Laudato Si’ 60
[W]e need to acknowledge that different approaches and lines of thought have emerged regarding this situation and its possible solutions. At one extreme, we find those who doggedly uphold the myth of progress and tell us that ecological problems will solve themselves simply with the application of new technology and without any need for ethical considerations or deep change. At the other extreme are those who view men and women and all their interventions as no more than a threat, jeopardizing the global ecosystem, and consequently the presence of human beings on the planet should be reduced and all forms of intervention prohibited. Viable future scenarios will have to be generated between these extremes, since there is no one path to a solution. This makes a variety of proposals possible, all capable of entering into dialogue with a view to developing comprehensive solutions.
Laudato Si’ 61
On many concrete questions, the Church has no reason to offer a definitive opinion; she knows that honest debate must be encouraged among experts, while respecting divergent views. But we need only take a frank look at the facts to see that our common home is falling into serious disrepair. Hope would have us recognize that there is always a way out, that we can always redirect our steps, that we can always do something to solve our problems. Still, we can see signs that things are now reaching a breaking point, due to the rapid pace of change and degradation; these are evident in large-scale natural disasters as well as social and even financial crises, for the world’s problems cannot be analyzed or explained in isolation. There are regions now at high risk and, aside from all doomsday predictions, the present world system is certainly unsustainable from a number of points of view, for we have stopped thinking about the goals of human activity. "If we scan the regions of our planet, we immediately see that humanity has disappointed God’s expectations" (Pope St. John Paul II, General Audience, 17 January 2001).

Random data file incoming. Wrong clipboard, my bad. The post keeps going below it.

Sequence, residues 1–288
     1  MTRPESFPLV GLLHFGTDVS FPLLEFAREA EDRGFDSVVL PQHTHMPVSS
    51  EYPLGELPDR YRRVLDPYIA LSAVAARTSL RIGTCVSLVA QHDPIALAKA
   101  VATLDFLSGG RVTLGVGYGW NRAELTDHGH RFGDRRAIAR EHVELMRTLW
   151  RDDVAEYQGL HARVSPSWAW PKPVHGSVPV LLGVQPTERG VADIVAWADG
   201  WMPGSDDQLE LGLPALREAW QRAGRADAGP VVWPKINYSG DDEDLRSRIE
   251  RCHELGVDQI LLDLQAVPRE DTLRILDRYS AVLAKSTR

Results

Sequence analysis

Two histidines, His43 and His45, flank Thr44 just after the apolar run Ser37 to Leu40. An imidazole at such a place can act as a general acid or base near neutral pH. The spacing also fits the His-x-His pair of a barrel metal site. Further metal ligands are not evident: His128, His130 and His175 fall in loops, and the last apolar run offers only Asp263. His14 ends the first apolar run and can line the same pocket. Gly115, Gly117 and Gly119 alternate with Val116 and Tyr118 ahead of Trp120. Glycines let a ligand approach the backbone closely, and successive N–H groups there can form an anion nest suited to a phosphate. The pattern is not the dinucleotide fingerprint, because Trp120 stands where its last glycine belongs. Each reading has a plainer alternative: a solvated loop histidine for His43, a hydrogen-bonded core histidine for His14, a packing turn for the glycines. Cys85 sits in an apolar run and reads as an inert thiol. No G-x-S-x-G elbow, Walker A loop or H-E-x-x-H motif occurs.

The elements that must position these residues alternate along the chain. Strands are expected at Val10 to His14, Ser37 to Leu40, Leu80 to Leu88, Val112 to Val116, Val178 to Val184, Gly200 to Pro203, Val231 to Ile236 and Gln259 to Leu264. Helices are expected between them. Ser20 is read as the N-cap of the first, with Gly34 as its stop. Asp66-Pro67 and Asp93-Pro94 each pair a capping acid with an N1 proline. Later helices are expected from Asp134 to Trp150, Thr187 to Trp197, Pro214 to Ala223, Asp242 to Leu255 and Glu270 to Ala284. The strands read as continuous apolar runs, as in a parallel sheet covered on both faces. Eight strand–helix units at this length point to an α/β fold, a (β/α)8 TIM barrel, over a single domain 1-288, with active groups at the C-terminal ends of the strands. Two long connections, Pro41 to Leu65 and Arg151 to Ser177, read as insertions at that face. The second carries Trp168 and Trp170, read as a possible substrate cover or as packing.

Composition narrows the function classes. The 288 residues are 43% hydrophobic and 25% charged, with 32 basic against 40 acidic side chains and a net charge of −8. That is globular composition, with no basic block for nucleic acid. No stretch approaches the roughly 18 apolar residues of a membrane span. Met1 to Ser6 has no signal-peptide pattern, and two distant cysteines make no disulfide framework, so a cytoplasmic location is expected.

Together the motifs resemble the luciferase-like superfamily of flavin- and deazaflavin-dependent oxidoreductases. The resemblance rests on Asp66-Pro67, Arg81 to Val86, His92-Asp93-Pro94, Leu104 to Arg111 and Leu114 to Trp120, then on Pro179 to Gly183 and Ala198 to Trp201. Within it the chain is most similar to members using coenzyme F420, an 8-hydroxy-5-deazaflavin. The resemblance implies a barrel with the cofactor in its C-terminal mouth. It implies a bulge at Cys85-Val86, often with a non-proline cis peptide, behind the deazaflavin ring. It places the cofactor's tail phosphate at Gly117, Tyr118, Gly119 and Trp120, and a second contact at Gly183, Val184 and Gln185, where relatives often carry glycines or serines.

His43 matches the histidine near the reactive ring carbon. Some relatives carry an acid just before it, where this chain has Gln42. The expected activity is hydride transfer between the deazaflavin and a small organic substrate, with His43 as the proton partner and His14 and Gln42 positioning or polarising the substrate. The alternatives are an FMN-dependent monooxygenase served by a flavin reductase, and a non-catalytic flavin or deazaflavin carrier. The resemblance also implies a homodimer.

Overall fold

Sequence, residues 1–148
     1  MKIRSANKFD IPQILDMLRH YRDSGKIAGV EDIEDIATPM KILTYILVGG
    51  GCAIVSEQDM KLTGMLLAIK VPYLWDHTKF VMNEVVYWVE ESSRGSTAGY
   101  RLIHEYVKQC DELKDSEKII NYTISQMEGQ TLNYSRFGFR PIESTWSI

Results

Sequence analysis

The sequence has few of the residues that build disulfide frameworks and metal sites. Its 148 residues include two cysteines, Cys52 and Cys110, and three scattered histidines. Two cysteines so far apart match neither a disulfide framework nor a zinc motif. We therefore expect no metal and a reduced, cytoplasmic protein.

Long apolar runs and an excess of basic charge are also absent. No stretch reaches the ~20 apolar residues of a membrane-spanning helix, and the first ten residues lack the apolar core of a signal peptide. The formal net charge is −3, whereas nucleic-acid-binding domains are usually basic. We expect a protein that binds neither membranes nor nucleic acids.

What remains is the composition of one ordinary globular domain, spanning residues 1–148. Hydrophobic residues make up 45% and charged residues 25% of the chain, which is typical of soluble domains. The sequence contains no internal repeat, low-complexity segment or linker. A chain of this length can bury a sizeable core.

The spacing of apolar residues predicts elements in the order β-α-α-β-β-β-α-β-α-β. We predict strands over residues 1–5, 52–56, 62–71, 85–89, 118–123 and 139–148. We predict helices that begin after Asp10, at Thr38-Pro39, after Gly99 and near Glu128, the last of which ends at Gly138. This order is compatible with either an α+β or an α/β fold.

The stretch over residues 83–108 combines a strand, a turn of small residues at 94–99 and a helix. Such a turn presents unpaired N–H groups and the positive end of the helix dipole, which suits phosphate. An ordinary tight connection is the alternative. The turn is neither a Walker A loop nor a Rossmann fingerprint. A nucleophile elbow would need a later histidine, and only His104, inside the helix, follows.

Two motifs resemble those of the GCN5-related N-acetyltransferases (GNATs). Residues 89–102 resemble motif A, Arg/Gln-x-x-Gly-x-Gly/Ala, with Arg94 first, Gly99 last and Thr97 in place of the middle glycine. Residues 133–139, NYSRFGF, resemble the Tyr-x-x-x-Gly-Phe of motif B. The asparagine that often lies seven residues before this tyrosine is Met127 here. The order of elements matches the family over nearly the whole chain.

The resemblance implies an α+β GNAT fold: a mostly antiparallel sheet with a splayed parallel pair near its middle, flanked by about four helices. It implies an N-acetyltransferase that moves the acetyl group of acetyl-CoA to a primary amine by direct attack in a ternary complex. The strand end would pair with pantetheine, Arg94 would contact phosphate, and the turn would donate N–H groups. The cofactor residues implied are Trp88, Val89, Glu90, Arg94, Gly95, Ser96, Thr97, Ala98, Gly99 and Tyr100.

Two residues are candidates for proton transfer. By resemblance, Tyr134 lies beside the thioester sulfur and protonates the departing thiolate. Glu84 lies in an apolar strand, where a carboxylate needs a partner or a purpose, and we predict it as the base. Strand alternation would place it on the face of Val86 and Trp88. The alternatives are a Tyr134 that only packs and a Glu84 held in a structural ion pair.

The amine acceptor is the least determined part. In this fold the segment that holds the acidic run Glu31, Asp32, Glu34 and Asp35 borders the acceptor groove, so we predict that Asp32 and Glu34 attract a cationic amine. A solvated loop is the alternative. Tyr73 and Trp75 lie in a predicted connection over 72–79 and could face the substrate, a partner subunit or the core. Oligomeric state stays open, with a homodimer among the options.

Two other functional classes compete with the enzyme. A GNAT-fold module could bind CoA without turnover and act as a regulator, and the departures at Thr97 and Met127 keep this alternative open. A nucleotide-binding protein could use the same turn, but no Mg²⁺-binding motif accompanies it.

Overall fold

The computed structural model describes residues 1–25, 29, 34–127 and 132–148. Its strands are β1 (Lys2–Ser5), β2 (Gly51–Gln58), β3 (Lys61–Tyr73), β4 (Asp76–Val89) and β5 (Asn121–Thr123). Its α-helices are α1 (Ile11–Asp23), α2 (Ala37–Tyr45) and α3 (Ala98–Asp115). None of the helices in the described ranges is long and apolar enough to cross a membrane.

Laudato Si’ 107
It can be said that many problems of today’s world stem from the tendency, at times unconscious, to make the method and aims of science and technology an epistemological paradigm which shapes the lives of individuals and the workings of society. The effects of imposing this model on reality as a whole, human and social, are seen in the deterioration of the environment, but this is just one sign of a reductionism which affects every aspect of human and social life. We have to accept that technological products are not neutral, for they create a framework which ends up conditioning lifestyles and shaping social possibilities along the lines dictated by the interests of certain powerful groups. Decisions which may seem purely instrumental are in reality decisions about the kind of society we want to build.